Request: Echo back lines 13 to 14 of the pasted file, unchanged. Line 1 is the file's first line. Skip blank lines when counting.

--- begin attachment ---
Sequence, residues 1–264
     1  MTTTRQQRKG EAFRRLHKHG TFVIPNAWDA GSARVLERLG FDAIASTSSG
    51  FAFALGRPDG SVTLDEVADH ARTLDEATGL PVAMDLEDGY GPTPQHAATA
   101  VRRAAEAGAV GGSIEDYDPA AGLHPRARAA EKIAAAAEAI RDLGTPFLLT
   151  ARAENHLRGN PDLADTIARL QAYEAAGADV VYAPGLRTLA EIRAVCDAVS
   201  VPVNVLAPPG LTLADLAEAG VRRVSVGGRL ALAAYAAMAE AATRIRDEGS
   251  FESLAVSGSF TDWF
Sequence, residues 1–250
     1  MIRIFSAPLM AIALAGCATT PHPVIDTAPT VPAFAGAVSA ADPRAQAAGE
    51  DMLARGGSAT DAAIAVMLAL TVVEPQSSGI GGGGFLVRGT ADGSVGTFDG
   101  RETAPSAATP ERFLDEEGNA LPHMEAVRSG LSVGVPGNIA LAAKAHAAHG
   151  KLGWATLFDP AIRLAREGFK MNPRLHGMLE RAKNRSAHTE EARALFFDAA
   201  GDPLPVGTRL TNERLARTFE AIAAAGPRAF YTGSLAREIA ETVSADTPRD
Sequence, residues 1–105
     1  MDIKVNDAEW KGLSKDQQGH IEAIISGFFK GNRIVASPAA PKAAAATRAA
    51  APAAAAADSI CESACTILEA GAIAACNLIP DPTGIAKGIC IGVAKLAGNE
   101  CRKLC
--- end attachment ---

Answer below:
   201  GDPLPVGTRL TNERLARTFE AIAAAGPRAF YTGSLAREIA ETVSADTPRD
Sequence, residues 1–105